Brokerages dabble in property management at their own risk

Commentary: It's not always possible to please both property owners and their tenants

By BRENTON HAYDEN

The residential ownership business is slowly awakening from its six-year nightmare to a real estate economy that has changed fundamentally since the salad days of 2006. Adapting to today’s real estate reality requires rethinking a few traditional beliefs.

Homeownership may never be the same. Nearly 11 million homes entered foreclosure in the past five years. One million fewer households own their own homes and 4 million more Americans rent than in 2006.

It is unlikely that homeownership will improve much anytime soon as long as fewer than half of all mortgage applications are approved and only 38 percent of the population has a FICO score as high as the average successful borrower.

Renter household formation surpassed new owner-occupied homes in 2007 for the first time since 1985 and has held the lead since, according to U.S. Census Bureau data. An average of 718,500 renter households a year were formed from 2007 to 2010, while owner-occupied households decreased at an average annual rate of 147,250 during the same period.

Homes have lost 35 percent of their value, and homeowners have lost $7 trillion in home equity since 2005. They would have lost a great deal more equity if it weren’t for small investors, who entered the market and transformed millions of foreclosures and short sales into rentals, accounting for 1 out of 5 home purchases in the past three years. Investors have built single-family rentals into a new asset class and the largest rental category in the nation.

Here’s another measure of how much residential real estate has changed. From a peak of 1.37 million in October 2006, membership in the National Association of Realtors has fallen by nearly 27 percent, to just over 1 million as of last month. Since 2007, membership in the National Association of Residential Property Managers has increased 67 percent, to just over 3,800 in July.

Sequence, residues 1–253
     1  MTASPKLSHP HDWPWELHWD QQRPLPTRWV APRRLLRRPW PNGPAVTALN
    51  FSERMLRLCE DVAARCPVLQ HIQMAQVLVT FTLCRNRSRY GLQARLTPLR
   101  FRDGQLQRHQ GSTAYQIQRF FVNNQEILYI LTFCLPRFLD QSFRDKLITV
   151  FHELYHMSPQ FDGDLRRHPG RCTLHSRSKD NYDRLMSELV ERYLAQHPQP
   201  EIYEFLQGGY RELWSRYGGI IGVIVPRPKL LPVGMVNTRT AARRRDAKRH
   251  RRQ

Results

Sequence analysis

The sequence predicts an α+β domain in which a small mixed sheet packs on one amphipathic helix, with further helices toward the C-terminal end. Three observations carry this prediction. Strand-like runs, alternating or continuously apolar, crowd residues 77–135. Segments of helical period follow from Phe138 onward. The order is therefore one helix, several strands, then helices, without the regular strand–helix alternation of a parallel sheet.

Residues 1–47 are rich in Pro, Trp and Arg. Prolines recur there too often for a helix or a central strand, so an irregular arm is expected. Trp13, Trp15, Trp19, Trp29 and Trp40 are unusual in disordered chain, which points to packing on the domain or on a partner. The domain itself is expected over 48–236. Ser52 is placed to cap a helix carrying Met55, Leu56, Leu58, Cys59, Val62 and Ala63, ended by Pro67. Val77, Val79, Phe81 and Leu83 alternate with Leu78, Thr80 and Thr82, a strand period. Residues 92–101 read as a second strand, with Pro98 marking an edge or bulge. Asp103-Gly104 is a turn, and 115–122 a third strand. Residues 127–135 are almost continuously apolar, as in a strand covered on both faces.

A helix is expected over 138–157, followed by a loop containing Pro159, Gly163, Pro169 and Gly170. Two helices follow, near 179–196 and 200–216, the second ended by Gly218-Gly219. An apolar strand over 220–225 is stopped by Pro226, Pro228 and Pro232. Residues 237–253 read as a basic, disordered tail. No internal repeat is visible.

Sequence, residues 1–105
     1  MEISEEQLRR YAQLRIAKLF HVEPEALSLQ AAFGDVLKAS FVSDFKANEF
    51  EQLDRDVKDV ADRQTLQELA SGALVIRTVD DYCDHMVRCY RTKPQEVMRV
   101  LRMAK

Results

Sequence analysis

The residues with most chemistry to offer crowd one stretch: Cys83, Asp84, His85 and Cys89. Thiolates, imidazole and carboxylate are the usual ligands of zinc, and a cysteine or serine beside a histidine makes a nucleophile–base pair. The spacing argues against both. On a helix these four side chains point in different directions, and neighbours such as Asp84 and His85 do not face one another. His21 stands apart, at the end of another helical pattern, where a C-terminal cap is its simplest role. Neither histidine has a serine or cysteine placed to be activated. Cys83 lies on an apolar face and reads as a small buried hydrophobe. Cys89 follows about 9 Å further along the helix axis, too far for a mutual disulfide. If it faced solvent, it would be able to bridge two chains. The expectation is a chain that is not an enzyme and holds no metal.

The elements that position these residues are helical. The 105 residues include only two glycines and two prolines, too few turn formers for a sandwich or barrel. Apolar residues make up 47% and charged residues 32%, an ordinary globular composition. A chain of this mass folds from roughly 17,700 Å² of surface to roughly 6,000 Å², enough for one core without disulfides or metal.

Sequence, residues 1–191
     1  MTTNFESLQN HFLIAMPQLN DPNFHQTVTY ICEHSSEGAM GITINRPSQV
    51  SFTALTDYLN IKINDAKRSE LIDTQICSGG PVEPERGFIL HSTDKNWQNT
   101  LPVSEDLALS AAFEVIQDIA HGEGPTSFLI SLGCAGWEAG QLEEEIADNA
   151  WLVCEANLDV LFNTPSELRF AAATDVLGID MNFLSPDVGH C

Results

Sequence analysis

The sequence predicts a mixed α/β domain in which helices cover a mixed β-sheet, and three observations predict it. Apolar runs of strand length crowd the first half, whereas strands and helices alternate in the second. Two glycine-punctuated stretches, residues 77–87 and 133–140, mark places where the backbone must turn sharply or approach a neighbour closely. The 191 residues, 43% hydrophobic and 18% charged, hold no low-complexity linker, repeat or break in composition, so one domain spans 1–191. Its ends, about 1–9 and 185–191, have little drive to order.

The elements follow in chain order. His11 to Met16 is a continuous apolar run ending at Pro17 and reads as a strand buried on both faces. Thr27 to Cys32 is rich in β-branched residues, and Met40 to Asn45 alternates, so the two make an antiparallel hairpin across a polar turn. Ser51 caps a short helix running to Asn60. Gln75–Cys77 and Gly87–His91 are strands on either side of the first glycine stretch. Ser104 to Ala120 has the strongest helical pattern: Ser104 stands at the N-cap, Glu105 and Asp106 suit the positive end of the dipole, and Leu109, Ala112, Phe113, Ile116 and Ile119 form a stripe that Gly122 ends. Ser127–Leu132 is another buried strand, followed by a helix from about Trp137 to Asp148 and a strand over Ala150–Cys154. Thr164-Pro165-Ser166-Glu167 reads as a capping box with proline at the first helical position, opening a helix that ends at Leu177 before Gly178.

Brenton Hayden

Property managers? In these extraordinary times, opportunity is found in surprising places. New property management companies specializing in single-family rentals are springing up around the nation.

Once low on the real estate totem pole, professional property management today is the key to turning millions of former foreclosures into cash flow generators, making it possible for a single investor or a small partnership to buy and hold dozens of properties. As plans develop for a secondary market in securities backed by single-family rentals, ratings agencies like Fitch and Standard and Poor’s have made it clear that they will look to property management to determine how they are rated.

The rise of property management has not gone unnoticed by many brokerages. Coldwell Banker, Re/Max and Keller Williams are just some of the national brands whose local franchises have wholly owned property management subsidiaries. These are most prevalent in foreclosure centers like Las Vegas, Phoenix and Florida markets where they provide one-stop service to brokerages’ investor customers. Some also place a high value on leads qualified by property management firms whose tenants today are tomorrow’s buyers.

Many brokerages, however, are realizing that often brokerage and property management are oil and water. First, there’s the cultural gap between the commission-based, agent-driven brokerage model and the monthly fee management model, which can easily become a financial management problem as well when internal financial systems cannot handle both kinds of transactions.

Then there are great differences in the training, certification and state licensing requirements for management and brokerage, which require professionals to undergo time-consuming training and licensure.

Finally, property management can be a risk, not a boon, to the customer base and reputation of a brokerage. Property managers by the nature of the job are in the position of pleasing both owners and their tenants simultaneously. Sometimes it is simply impossible to do both. One of the greatest risks for brokerages entering property management is losing customers or reputations.

Thriving in the new real estate reality begins with understanding the changed landscape and building new relationships with those who can serve mutual customers best. Alliances between brokerages and property management firms based on respect and a commitment to quality can deliver the best of both worlds to the newest players in residential real estate: investors and their single-family tenants.

Brenton Hayden is chief executive officer of RentersWarehouse.

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